I don’t want to be pessimistic

But this could be the most catastrophic application of Hultgreen-Curie Syndrome in human history:

Scientists managed to capture the very first direct image of a black hole – and it was all thanks to a graduate at MIT. Three years ago Dr. Katie Bouman, now 29, created an algorithm that collects data from telescopes across the world to stitch together a photograph of the phenomenon which is 55million light years away.

Her work, which essentially turned Earth into a virtual telescope, has been praised across the political spectrum by First Daughter Ivanka Trump, Kamala Harris and Alexandria Ocasio-Cortez, and by A-listers including Sophia Bush and Olivia Munn.

Without her groundbreaking work, the supermassive black hole would be simply impossible to capture because it would need a 10,000-kilometer wide telescope dish to even attempt it. The largest telescope dish in the world currently is just a 1,000ft in diameter.

It’s a magnificent scientific achievement, no doubt about it. But it’s a first, a very big first, and that’s precisely what makes me nervous about the whole thing.


One giant hoax for mankind

Most people around the world do not believe the US government ever landed anyone on the Moon. A Moon Landing skeptic summarizes his reasons for skepticism concerning one giant hoax for mankind:

I am not going to discuss all the evidence presented in these sources. I can only recommend them and a few others on the way. I will simply sort what I see as the most convincing arguments, add a few recent developments, give my best conclusion, place the issue in the broader historical perspective, and draw some lessons from it all about the Matrix we have been living in.

First of all, we need to be clear about the aim of such an inquiry. We should not expect any conclusive proof that Neil Armstrong, or any other Apollo moon-walker, didn’t walk on the moon. That cannot be proven, absent some indisputable evidence that he was somewhere else (orbiting around the earth, for example) at the precise time he claimed to have spent on the moon. In most cases, you cannot prove that something didn’t happen, just like you cannot prove that something doesn’t exist. You cannot prove, for example, that unicorns don’t exist. That is why the burden of proof rests on anyone who claims they do exist. If I say to you I walked on the moon, you will ask me to prove it, and you will not take as an answer: “No, you prove that I’m didn’t go.” Does it make a difference if I am the NASA? It does, because calling the NASA a liar will inevitably lead you to question everything you have been led to believe by your government and mainstream media. It is a giant leap indeed! Just like children of abusive parents, decent citizens of abusive governments will tend to repress evidence of their government’s malevolence. And so, people choose to believe in the moon landings, without even asking for proofs, simply because: “They wouldn’t have lied to us for more than 50 years, would they? The media would have exposed the lie long ago (remember the Watergate)! And what about the 250,000 people involved with the project? Someone would have talked.” I can actually hear myself speaking like that just 10 years ago. All these objections must indeed be addressed.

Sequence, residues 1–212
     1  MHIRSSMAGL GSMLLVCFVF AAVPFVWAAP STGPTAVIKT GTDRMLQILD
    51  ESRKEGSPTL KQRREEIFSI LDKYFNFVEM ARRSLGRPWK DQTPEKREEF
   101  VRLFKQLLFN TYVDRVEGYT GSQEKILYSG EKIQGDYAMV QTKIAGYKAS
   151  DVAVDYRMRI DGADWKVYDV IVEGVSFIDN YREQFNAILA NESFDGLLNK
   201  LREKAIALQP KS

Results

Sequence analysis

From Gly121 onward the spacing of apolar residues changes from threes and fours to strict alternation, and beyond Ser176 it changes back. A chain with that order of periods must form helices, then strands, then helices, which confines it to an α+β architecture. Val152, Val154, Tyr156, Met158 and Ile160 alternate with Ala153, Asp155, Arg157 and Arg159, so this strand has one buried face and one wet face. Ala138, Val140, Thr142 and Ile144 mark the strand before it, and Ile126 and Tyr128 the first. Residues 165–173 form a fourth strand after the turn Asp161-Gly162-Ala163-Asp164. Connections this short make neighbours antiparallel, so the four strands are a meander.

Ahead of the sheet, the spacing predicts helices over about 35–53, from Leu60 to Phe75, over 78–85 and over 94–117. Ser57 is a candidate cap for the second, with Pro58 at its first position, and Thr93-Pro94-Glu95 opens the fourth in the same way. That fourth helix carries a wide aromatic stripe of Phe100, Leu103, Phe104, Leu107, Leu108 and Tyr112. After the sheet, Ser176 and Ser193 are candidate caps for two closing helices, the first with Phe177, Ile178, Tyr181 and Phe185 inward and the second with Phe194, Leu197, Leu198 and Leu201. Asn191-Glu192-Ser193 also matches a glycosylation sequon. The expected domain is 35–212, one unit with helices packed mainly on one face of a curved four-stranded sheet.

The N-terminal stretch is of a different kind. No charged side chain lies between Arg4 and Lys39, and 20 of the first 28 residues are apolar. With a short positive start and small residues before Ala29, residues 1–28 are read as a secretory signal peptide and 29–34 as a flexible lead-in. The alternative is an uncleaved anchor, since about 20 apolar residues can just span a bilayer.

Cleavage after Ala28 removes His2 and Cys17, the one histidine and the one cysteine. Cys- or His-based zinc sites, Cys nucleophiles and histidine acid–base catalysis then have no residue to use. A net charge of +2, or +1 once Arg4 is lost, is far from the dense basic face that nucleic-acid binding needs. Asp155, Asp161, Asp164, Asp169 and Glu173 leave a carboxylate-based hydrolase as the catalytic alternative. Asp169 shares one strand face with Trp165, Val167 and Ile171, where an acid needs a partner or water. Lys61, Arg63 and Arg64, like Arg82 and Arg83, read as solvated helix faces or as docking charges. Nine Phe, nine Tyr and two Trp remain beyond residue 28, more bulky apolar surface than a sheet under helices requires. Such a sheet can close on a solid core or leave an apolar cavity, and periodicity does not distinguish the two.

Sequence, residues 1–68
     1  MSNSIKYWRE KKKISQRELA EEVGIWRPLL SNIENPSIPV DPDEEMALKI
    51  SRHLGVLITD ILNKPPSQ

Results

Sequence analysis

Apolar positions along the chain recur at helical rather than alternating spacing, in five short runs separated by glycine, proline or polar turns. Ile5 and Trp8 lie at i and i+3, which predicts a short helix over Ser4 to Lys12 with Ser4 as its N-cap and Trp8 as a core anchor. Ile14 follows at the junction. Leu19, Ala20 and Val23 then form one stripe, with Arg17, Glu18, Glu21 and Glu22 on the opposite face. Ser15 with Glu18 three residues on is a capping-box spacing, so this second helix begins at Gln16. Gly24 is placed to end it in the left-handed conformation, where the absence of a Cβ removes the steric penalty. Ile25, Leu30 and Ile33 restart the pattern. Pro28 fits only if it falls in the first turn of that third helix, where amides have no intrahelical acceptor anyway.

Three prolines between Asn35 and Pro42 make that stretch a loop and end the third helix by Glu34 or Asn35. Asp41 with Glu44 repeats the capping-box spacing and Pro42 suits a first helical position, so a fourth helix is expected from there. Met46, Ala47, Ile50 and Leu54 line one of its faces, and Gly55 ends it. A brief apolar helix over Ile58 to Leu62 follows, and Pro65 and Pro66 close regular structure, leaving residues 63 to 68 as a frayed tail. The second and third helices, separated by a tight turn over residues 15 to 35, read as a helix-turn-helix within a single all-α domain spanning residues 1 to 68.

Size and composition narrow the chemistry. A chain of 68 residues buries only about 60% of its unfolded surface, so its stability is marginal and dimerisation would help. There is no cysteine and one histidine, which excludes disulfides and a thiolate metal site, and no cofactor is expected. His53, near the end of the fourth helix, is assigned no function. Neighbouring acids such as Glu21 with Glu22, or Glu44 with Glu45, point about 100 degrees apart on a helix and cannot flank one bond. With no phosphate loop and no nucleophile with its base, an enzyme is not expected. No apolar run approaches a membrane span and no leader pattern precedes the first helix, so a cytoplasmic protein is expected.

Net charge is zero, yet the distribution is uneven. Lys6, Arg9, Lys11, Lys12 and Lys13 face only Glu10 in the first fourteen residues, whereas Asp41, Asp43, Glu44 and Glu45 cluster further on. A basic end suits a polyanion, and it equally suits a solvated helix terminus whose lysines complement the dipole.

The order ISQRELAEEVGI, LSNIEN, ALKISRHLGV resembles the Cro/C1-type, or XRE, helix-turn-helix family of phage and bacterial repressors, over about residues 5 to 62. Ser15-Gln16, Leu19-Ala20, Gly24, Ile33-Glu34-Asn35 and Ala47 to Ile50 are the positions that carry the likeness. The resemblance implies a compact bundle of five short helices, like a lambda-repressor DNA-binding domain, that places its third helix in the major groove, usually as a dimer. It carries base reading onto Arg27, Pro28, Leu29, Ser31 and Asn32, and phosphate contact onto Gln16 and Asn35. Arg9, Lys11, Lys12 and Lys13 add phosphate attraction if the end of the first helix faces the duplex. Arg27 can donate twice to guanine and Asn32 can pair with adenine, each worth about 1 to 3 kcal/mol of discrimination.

But before that, the scientific thing to do is to start with the question: can the NASA prove they sent men to the moon? If the answer is no, the next step is to decide if we take their word for it or not. That requires pondering what could have been the reasons for such a massive lie. We will get to that.

But, first of all, can the NASA provide hard evidence of the moon landings?

As for those who resort to the logical argument that the Russians would have disputed the Moon landings if they were faked, they should probably keep in mind that most Russians don’t believe that the US ever landed anyone on the Moon.

Decades since 1969, many Russians are still unable to believe in that “small step” that Armstrong took on the Moon. True, the so-called ‘lunar conspiracy’ was invented in the U.S., but no other country in the world has so fully embraced this indestructible conspiracy theory as Russia. Many Russians believe that the U.S. government staged a complex hoax, and that the alleged Moon landing was in fact filmed in Hollywood. At the moment, this myth is NOT believed by – brace yourself – only 24 percent of Russians!

I haven’t believed in the veracity of the Moon landings ever since seeing the interview with the Apollo astronauts. And, of course, I always reject every Official Story endorsed by the U.S. government on principle, because it has always – ALWAYS – proven to be less than entirely true for one reason or another.